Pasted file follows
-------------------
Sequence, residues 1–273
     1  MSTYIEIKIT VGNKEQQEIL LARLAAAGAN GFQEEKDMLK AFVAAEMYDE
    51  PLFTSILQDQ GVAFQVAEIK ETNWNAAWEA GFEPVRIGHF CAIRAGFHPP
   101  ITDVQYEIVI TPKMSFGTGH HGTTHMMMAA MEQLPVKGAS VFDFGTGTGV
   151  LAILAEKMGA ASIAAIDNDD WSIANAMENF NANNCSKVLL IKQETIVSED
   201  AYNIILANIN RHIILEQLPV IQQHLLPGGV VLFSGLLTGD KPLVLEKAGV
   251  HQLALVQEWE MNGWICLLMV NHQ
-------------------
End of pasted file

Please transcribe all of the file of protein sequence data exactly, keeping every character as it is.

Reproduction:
Sequence, residues 1–273
     1  MSTYIEIKIT VGNKEQQEIL LARLAAAGAN GFQEEKDMLK AFVAAEMYDE
    51  PLFTSILQDQ GVAFQVAEIK ETNWNAAWEA GFEPVRIGHF CAIRAGFHPP
   101  ITDVQYEIVI TPKMSFGTGH HGTTHMMMAA MEQLPVKGAS VFDFGTGTGV
   151  LAILAEKMGA ASIAAIDNDD WSIANAMENF NANNCSKVLL IKQETIVSED
   201  AYNIILANIN RHIILEQLPV IQQHLLPGGV VLFSGLLTGD KPLVLEKAGV
   251  HQLALVQEWE MNGWICLLMV NHQ